I would like to celebrate those who pioneered the judiciaries of Eastern, Northern and Western Nigeria. The three judiciaries were placed on a commendable footing through the effort of the members of the legal profession. I will highlight my point by using the Western Nigeria Judiciary as a case study. The law profession I knew growing up was very organized. Cases went on, on the dates they were scheduled for. There were hardly any adjournments then. Objections were raised and resolved immediately. There was no adjournment to consider any interlocutory issues. Judges were so knowledgeable and so versatile that lawyers knew that they could not play any delay tactics. Criminal cases were disposed of within a month of commencing the trial. The Assizes, which was the Special Criminal Court held for a specific period and load of cases were disposed of during the period.


An investigation was very thorough and the office of the Director of Public Protection was very active and versatile and would hardly proffer charges against an accused person without proper consideration of the merits of the case and the probability of securing a conviction. This was the profession that I was born into. I was so fascinated by the Court that once I had the opportunity of obtaining information about how it was created, I seized it with both hands. In 1964, the salary of a High Court Judge in Western Nigeria was £3,400:00 (three thousand four hundred pounds) per annum. The salary of the governor of the CBN was £2,700 (two thousand seven hundred pounds) per annum with the sort of comparatively high remuneration and reverence for judicial officers, it was very easy to attract the best minds to the Bench. But let me state that even by the standard of that era   it was not that easy to achieve. When this salary was proposed, the then Head of Service of Western Nigeria, the most respected Simeon Adebo opposed it. He could not fathom how a member of the public service could earn more money than the Head of Service. It was a regularly debated issue between his office and that of the Attorney General, Chief Rotimi Williams, with the Premier Chief Obafemi Awolowo acting as arbiter. After a very prolonged debate a compromise was achieved. A JUDICIAL DEPARTMENT was to be created which was not part of the civil service. This enabled the Government of Western Nigeria to treat a judge in a deservedly better way. The Ministry of Justice was also a very formidable institution.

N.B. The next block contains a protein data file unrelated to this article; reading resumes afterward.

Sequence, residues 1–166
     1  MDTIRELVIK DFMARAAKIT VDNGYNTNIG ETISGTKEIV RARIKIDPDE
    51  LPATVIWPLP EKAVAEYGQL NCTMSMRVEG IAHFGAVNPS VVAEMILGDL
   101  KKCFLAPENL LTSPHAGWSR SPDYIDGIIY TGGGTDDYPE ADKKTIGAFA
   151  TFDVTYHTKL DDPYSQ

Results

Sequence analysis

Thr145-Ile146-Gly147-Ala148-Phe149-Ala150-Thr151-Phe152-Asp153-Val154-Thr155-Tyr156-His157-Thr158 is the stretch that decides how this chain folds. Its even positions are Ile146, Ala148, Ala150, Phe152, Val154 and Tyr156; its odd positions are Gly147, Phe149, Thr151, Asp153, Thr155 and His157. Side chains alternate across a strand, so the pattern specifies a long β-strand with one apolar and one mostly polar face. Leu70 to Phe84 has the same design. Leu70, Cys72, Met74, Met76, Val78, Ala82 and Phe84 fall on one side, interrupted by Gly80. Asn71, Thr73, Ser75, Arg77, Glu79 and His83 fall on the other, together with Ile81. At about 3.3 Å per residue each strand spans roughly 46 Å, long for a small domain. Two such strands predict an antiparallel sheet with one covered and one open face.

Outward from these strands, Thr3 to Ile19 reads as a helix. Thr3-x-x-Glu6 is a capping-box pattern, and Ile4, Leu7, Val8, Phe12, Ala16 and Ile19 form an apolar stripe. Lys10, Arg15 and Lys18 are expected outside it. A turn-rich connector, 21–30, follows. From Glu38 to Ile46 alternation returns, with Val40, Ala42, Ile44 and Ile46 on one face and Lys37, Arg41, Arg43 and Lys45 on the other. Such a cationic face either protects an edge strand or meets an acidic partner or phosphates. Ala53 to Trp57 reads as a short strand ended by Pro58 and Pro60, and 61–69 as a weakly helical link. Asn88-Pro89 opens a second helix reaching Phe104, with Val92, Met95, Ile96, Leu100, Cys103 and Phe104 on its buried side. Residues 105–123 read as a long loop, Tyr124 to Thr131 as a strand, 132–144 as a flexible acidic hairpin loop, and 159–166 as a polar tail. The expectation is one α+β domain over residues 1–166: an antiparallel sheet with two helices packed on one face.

1. The Military Interregnum

The Military intervention in the governance of Nigeria was an unmitigated disaster in the development of the Nigerian legal system  and the Legal profession. Initially, the judiciary stood its ground against the Military’s  onslaught and targeted erosion of its powers. The celebrated case of Lakanmi and Kikelomo v. AG Western State (Nigerian Supreme Court Case 1969 – 1970 6 N SCC. 143.) was the hallmark of judicial courage. The Courts had the confidence to hold that the Military Government could not exercise judicial powers. The Court held that the Forfeiture of Assets etc. Validation Decree violated the principles of separation of powers provided for under  the 1963 Constitution. The Decree was an exercise of judicial power by the Executive and Legislative branches of government. By promulgating the Decree, the Federal Military Government was passing a Legislative judgment. Such an exercise of judicial power was ultra vires the Federal Military Government under the 1963 Constitution. The Court courageously declared the Military Law invalid being inconsistent with the constitution. The Military Government invalidated this decision by enacting the Federal Military Government (Supremacy and Enforcement of Powers) Decree 1970.